My experiences in life tell me that government prosecutors need a lobbying ban. I should know because I am a former lobbyist who ended up on the wrong end of a prosecution. I understand the strong reasons why government officials should not be allowed to trade off access to decision makers in our justice system for cash.
The best thing about having worked for Jack Abramoff, being prosecuted, and thus going through the U.S. Justice system is that I will never have to lobby again. For me, it was a painful, repetitious, and unhealthy rat race. Everybody likes to beat up on lobbyists, from reporters to political interest groups to politicians who need them to fund their campaigns. However, despite all the negatives, lobbying is necessary because Congress doesn’t know as much as they think they do, and without outside expertise they would royally screw up something as simple as naming a Post Office. Even if you hate lobbyists with the passion of 1,000 suns, lobbying is necessary and, most importantly, protected by the First Amendment.
Despite that the right to petition the government is included in arguably the most important constitutional amendment, Congress and the administration have instituted reporting requirements like Lobbying Disclosure Act (“LDAs”), Foreign Agent Registration Act (“FARA”) and waiting periods (commonly referred to as “lobbying bans”) for senior members of the House, Senate and administration. President Trump issued an executive order at the beginning of his presidency that beefed-up existing post-government employment, preventing officials from lobbying the agency they worked in for five years after they leave.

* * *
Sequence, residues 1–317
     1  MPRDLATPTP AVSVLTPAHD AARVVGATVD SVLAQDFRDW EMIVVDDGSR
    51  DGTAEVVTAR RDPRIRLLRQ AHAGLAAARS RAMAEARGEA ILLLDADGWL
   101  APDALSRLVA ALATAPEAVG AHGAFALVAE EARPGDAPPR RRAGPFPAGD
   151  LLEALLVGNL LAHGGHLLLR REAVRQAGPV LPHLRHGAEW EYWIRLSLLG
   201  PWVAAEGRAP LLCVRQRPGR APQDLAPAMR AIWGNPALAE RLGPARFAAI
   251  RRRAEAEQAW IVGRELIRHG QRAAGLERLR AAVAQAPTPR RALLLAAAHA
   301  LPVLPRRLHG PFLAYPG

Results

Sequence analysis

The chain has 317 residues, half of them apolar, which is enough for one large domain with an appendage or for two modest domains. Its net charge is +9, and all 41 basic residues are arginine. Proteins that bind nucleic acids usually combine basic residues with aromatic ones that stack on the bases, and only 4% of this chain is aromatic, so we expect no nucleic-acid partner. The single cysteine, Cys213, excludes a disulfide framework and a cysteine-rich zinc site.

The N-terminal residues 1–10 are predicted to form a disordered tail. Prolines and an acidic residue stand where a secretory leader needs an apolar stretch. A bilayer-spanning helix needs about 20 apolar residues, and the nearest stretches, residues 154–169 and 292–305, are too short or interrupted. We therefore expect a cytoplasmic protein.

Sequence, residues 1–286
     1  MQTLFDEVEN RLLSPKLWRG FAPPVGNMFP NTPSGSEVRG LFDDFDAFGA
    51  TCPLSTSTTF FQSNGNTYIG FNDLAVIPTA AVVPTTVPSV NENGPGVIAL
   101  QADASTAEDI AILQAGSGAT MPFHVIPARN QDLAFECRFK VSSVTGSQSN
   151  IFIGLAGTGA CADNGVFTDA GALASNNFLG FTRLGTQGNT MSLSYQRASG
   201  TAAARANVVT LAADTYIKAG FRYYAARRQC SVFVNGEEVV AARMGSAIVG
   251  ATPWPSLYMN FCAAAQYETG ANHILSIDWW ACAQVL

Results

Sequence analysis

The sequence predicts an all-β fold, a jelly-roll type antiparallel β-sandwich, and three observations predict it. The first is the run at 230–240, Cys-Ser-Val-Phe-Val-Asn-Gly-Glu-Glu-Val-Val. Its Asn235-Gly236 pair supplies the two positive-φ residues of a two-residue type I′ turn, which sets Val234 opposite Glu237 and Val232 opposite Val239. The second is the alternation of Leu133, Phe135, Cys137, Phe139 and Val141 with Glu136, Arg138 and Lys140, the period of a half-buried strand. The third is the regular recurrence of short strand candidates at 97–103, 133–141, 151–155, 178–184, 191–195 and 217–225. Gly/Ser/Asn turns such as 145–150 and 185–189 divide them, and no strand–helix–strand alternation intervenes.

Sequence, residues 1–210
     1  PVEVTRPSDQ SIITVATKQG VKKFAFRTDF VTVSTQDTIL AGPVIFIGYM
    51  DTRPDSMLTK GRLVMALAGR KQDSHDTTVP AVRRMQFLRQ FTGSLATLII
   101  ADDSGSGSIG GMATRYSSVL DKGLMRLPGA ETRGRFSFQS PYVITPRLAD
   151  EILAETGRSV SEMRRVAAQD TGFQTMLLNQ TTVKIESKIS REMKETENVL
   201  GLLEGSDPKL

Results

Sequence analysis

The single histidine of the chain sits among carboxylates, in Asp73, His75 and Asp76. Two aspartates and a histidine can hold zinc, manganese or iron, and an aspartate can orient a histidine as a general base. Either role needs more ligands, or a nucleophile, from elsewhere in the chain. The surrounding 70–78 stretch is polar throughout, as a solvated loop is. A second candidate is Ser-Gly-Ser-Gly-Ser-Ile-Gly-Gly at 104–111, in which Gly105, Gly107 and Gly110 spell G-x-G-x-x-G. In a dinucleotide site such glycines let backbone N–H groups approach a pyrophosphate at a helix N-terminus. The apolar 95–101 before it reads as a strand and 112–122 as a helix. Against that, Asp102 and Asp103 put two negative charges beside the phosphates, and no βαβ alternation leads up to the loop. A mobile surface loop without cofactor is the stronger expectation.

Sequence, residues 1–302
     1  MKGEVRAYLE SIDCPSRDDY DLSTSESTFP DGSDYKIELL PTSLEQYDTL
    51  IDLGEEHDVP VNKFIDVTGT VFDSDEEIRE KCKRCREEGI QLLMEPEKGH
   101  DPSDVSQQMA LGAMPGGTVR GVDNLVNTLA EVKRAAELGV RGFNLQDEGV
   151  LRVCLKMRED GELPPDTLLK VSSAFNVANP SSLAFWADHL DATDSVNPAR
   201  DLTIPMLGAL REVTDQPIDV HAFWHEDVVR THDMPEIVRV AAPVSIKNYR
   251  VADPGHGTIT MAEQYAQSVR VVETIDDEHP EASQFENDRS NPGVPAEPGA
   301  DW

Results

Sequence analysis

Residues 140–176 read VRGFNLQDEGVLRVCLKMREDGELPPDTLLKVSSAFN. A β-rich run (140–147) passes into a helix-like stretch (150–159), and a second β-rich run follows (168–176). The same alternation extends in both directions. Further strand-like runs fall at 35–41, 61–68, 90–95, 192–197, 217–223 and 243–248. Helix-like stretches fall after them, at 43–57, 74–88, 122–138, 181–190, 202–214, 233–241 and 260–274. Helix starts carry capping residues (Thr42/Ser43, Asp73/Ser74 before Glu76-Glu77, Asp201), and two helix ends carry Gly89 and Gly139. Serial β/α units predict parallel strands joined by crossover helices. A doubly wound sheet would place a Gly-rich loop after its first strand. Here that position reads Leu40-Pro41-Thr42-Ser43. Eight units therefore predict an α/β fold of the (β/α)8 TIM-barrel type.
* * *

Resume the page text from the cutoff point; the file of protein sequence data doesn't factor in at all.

We can argue about the merits, effectiveness and needed tweaks of the above all day long, but one thing has vexed me since working through my legal situation, and it is this: Why aren’t Department of Justice lawyers (among many other agency lawyers) subject to a lobbying-like ban for representing clients before the U.S. legal or regulatory system for five years?
When you are under attack from the Justice Department you learn one thing quickly: The big law firm defense teams and Justice prosecutors are a club. It’s a quieter club than the often rowdy Capitol Hill/lobbying crowds that hit fundraising events and D.C.’s finer restaurants, but make no mistake, they are as thick as thieves. It shocks me that the highly profitable legal revolving door has never been truly examined by the national media, Congress and the president.
Look at any of the websites of major firms in D.C. Not only are they littered with former DoJ (among other agencies) officials, they actively advertise those connections. For crying out loud, Obama administration Attorney General Eric Holder returned to his old firm Covington & Burling after his stint ended. It was regular water-cooler talk to speculate where he was going to go when it was clear he was going to leave government service. Wouldn’t you like to know his billable rate, clients and contacts with the administration? I know I would.